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JOYCE WALKER V. LIFE INS. CO. OF THE SOUTHWEST, No. 15-55809 (9th Cir. 2017)Annotate this Case
The court issued a subsequent related opinion or order on May 5, 2017.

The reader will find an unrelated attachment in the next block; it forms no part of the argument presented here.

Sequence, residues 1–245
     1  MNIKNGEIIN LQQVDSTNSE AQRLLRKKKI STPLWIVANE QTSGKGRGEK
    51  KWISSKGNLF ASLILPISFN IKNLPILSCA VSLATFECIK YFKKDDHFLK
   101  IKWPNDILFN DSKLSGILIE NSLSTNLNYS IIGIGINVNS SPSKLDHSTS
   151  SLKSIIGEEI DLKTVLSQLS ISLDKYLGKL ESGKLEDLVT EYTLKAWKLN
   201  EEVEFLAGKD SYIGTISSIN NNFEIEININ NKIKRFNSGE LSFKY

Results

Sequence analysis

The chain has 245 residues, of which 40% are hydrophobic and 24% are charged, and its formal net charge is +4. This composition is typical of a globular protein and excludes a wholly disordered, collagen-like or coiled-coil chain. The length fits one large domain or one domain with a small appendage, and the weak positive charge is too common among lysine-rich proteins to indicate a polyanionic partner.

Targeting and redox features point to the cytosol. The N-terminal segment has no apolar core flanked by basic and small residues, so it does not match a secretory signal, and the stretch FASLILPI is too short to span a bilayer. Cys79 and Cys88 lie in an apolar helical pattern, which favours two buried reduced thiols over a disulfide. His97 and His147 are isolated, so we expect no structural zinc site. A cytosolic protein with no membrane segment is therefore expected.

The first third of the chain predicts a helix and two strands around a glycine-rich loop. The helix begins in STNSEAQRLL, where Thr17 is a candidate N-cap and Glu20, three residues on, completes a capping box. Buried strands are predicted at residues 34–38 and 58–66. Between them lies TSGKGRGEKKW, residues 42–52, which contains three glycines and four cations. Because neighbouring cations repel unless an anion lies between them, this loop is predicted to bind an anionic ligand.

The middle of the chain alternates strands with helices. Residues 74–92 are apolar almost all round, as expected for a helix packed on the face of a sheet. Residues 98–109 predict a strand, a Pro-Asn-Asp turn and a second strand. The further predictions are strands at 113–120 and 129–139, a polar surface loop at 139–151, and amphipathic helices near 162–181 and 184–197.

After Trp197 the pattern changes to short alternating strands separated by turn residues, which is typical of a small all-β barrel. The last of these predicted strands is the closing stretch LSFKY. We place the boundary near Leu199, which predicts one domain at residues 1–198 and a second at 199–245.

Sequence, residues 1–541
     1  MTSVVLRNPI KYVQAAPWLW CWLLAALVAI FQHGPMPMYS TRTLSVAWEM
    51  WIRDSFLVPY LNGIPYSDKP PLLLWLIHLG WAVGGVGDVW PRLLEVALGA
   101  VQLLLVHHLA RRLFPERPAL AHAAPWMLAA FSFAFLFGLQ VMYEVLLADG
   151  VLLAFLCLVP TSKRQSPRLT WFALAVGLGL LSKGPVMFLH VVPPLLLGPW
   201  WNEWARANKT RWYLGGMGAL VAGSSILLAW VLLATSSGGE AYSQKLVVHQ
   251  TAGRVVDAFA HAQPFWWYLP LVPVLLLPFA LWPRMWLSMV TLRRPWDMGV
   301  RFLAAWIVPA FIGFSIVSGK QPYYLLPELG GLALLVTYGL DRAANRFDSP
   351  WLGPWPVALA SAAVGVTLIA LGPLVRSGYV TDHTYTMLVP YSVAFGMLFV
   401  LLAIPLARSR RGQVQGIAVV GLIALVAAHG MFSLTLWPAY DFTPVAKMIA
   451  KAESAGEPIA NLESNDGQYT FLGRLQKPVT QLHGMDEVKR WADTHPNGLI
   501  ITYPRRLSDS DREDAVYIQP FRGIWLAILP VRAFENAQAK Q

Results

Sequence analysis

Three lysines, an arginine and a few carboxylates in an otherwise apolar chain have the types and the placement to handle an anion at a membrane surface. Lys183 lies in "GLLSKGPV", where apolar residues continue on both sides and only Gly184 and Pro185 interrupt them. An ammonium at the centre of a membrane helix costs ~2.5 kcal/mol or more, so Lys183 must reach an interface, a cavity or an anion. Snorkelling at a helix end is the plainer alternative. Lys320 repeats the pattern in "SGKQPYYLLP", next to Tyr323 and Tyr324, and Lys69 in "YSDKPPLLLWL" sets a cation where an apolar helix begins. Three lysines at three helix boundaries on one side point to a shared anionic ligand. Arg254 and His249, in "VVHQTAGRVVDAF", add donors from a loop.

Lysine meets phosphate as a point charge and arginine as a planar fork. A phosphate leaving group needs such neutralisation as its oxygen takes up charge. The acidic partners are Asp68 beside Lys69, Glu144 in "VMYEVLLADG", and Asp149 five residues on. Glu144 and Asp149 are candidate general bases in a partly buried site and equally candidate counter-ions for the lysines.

FILED NOT FOR PUBLICATION UNITED STATES COURT OF APPEALS MAR 03 2017 MOLLY C. DWYER, CLERK U.S. COURT OF APPEALS FOR THE NINTH CIRCUIT JOYCE WALKER; KIM BRUCE HOWLETT; MURIEL SPOONER, on behalf of themselves and all others similarly situated, No. 15-55809 D.C. No. 2:10-cv-09198-JVS-RNB Plaintiffs-Appellants, MEMORANDUM* v. LIFE INSURANCE COMPANY OF THE SOUTHWEST, a Texas corporation, Defendant-Appellee. Appeal from the United States District Court for the Central District of California James V. Selna, District Judge, Presiding Argued and Submitted February 7, 2017 Pasadena, California Before: SCHROEDER, PREGERSON, and MURGUIA, Circuit Judges. This is an appeal from a judgment against the Plaintiffs seeking to represent a class of more than 40,000 purchasers of indexed universal life insurance policies * This disposition is not appropriate for publication and is not precedent except as provided by Ninth Circuit Rule 36-3. issued by the Defendant Life Insurance Company of the Southwest (“LSW”). Plaintiffs alleged multiple claims of fraud as well as misrepresentation and violations of California statutes. The court ruled as a matter of law that Plaintiffs could not predicate California Unfair Competition Law (“UCL”) claims on California’s Illustration statute, § 10509.950, et seq., because the statute lacks a private cause of action. The district judge tried the common law claims to a jury, which resulted in a defense verdict, and tried the UCL claims to the court, resulting in a ruling in favor of LSW. We conclude that the district court erred in its interpretation of California law with respect to the UCL claims based on violations of the Illustration statute, but affirm with respect to all other issues raised on appeal. 1. It is true that the Illustration statute lacks an express private cause of action, but in California, UCL claims are not barred in the circumstances before us. The California Supreme Court has held that private UCL claims are barred only when the underlying statute either actually bars private rights of action or provides a “safe harbor” that renders the alleged conduct lawful. Cel-Tech Commc’ns, Inc. v. Los Angeles Cellular Tel. Co, 973 P.2d 527, 542 (Cal. 1999); see also Rose v. Bank of Am., N.A., 304 P.3d 181, 186 (Cal. 2013) (holding that even the abolition of a private right of action in an underlying statute “does not amount to a bar 2 against UCL claims” premised on that statute). The Illustration statute contains no safe harbor, nor does it contain any bar to all private rights of action. Further, the Illustration statute’s reference to California Insurance Code § 790.06 is not sufficient to demonstrate that the California legislature intended to bar a private right of action. Accordingly, the district court’s judgment on those claims must be reversed. 2. Plaintiffs also brought a number of “bait and switch” claims on the basis of differences between the illustrations and the actual insurance policies. After the bench trial, the district court ruled that the illustrations were neither deceptive nor unfair in depicting policy charges, interest calculation methods or, reduction of administrative charges. Although the evidence showed the presale illustrations did not include information about the policy charges and interest calculation methods, it also showed that this information was provided in the policies themselves. Further, when Plaintiffs received the policies they were provided with a ten-day grace period allowing them to cancel the policy for any reason. The record further reflects that there were individual presentations to each of the Plaintiffs in which charges were discussed. The evidence supports the district court’s finding that the illustrations of the policy charges and interest rates were not unfair or deceptive. 3 With respect to administrative charges, Plaintiffs focus on the illustrations’ depiction of the monthly charge being reduced or disappearing after ten years. Although LSW may not have made any express disclaimer or guarantee of the charges’ reduction or disappearance, there is no indication that this depiction was a “substantial factor” that influenced the Plaintiffs’ decision to purchase their policies. See In re 10 Tobacco II Cases, 207 P.3d 20, 39 (Cal. 2009). The district court’s class decertification order with respect to the bait and switch claims must also be affirmed. This is because the claims have no merit. Any claimed inaccuracy in the district court’s analysis is immaterial. 3. Plaintiffs also brought a number of claims in relation to alleged defects in the illustrations’ treatment of the effects of stock market volatility and expected tax benefits. Plaintiffs failed to show that the illustrations were defective in regard to the potential for lapse as a result of market volatility, especially considering the illustrations’ clear disclaimers that Plaintiffs should not expect consistent market performance. Further, the district court did not abuse its discretion in excluding three pieces of evidence Plaintiffs’ proffered in support of these claims. Plaintiffs also argue that LSW violated the UCL by failing to disclose the results of its “stochastic” simulations (a.k.a. Monte Carlo simulations), 4 mathematical analyses used to predict future policy performance such as the likelihood of lapse. The district court may well have been incorrect in holding that the Illustration statute absolutely bars insurers from disclosing stochastic simulation results. The statute appears to bar only illustrations limited to aboveaverage depictions and does not appear to bar the depictions of average performance that incorporate above- and below-average data points, as portrayed in stochastic simulations. The critical point is, however, that even though LSW could have shown such simulations in its illustrations, it was not required to do so, and hence there was no violation of the UCL in LSW’s choice not to show such simulations. We therefore affirm the district court’s judgment on all claims other than the UCL claims premised on the Illustration statute. As to those claims, we reverse the judgment and remand for further proceedings, including consideration of whether any class action may be maintained with respect to those claims. AFFIRMED in part, REVERSED in part, and REMANDED. Plaintiffs’ request for judicial notice is GRANTED. Each party is to bear its own costs. 5